The De Sica-Zavattini collaboration became one of the most fruitful in the history of Italian cinema. Still, it was not until he was 42 that De Sica dared to abandon his regular comedies and make a serious film that heralded the neorealist turn in his career: "The Children Are Watching Us" (1944) tells the story of a family's breakup from the viewpoint of a 7-year-old boy. Three years later, De Sica directed one of his most important films, "Shoe-Shine," which won the Academy Award for Best Foreign Language Film. It was the first of four Oscars that De Sica garnered in his career.
Following the enormous success of "Shoeshine" in Italy and abroad, De Sica was invited to the United States to attend a festive screening organized by the British actress Merle Oberon. Among those who attended the event were Judy Garland, Charlie Chaplin and Clark Gable. De Sica liked to tell the story of how, at the end of the screening, Charlie Chaplin remained seated, his eyes red from crying. He told De Sica that he had a unique style, but that America was not yet ready for it. "Get out of here, De Sica, get out," he told him.
On the same occasion, De Sica, who had to fight hard throughout his career to obtain financing for his films, received a surprising offer from David O. Selznick. The powerful producer told the Italian director that he would finance "The Bicycle Thief" if Clark Gable played the lead. De Sica declined; heeding Chaplin's advice, he hightailed it back to Italy.
In the years that followed, De Sica made some of his most moving films, notably "The Bicycle Thief," which won an Oscar; "Miracle in Milan," which won the Grand Prize at the 1951 Cannes Film Festival, and "Umberto D." in 1952, an homage to his father and De Sica's personal favorite among his films. "That was the film he loved best, and I can say the same for myself," his son says. "Yet it is a movie about an antipathetic person who does not want to live, a university professor who has to sell dictionaries in order to earn a livelihood. It's true that 'The Bicycle Thief' is a masterpiece and already contains the story of father-son relations, but artistically 'Umberto D.' is far tougher, far more tragic."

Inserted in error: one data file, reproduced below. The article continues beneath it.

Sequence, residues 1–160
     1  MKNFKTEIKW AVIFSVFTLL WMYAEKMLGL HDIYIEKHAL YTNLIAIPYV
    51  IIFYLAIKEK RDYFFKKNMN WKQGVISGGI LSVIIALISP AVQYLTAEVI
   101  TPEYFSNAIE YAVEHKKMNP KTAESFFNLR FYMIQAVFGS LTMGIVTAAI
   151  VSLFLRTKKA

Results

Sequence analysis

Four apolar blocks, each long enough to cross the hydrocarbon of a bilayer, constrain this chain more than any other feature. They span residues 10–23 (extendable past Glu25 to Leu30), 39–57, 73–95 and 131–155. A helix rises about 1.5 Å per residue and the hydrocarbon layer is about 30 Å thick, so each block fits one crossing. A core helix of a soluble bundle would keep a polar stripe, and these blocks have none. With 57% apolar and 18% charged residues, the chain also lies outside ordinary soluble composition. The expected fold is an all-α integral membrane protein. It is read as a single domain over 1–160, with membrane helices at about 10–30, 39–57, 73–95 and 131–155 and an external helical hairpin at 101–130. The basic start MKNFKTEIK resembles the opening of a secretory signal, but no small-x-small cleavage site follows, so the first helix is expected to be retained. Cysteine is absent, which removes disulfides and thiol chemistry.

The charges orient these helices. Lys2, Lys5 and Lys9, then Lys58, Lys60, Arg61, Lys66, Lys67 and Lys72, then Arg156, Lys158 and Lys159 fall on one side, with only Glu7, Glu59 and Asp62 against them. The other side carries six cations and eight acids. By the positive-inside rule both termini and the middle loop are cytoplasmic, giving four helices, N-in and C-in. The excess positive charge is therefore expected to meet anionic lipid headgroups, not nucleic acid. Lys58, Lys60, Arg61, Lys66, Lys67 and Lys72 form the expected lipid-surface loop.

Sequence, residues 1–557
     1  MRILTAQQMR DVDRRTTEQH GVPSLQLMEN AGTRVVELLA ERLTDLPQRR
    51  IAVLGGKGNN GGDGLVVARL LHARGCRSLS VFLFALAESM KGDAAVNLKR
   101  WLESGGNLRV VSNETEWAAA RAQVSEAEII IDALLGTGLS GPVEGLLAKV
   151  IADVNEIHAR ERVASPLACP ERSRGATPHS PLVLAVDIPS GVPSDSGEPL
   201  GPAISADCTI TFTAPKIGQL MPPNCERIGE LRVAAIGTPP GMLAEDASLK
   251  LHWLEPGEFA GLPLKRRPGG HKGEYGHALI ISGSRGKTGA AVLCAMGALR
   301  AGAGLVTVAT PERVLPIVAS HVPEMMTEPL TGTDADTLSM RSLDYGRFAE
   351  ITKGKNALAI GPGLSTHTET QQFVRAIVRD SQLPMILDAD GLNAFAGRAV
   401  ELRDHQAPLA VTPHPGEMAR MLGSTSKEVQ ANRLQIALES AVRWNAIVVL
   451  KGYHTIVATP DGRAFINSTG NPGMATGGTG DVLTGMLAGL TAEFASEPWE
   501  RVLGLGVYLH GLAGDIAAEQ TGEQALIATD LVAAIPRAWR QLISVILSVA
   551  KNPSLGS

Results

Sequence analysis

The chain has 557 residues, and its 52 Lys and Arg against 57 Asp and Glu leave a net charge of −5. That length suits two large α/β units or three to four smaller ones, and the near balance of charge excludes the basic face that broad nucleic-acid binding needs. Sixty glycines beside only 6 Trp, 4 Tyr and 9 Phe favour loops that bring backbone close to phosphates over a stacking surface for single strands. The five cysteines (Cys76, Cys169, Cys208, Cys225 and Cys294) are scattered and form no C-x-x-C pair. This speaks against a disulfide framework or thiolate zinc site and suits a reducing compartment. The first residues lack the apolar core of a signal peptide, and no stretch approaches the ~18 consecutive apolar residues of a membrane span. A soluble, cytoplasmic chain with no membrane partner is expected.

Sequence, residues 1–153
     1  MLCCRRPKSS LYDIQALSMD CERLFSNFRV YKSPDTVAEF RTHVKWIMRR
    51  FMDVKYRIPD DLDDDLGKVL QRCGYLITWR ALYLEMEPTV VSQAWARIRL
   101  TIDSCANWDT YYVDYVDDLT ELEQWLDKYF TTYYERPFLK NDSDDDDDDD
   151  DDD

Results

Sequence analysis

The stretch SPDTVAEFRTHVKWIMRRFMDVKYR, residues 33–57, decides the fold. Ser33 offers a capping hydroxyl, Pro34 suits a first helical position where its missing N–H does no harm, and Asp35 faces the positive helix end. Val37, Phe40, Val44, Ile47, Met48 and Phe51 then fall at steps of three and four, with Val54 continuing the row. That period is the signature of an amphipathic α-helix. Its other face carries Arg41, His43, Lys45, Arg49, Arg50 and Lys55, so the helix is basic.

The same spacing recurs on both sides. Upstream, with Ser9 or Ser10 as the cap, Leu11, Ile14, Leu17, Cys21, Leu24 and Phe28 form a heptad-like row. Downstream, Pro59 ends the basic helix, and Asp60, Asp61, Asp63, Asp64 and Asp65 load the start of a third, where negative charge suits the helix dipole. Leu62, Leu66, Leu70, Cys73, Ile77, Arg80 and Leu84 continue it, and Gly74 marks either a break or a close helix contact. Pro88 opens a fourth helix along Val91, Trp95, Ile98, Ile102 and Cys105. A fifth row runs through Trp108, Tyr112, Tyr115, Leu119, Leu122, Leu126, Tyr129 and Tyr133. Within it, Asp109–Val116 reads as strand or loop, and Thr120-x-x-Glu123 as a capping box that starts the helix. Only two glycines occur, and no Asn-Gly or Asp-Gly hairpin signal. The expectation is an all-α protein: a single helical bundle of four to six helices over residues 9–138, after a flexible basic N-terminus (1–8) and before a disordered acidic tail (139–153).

The films De Sica made with Zavattini in the 1950s and 1960s consolidated his status as one of the premier directors of the time. Films such as "The Gold of Naples" (1954), "The Roof" (1956), "Two Women" (1960, for which his beloved Sophia Loren won the Oscar for Best Actress) and "Yesterday, Today and Tomorrow" (1963, with Loren and Marcello Mastroianni) won many prizes, but alongside them De Sica made no few mediocre movies that were panned by the critics. They had one aim: to generate revenue so De Sica could pay the debts he accumulated from an addiction to gambling.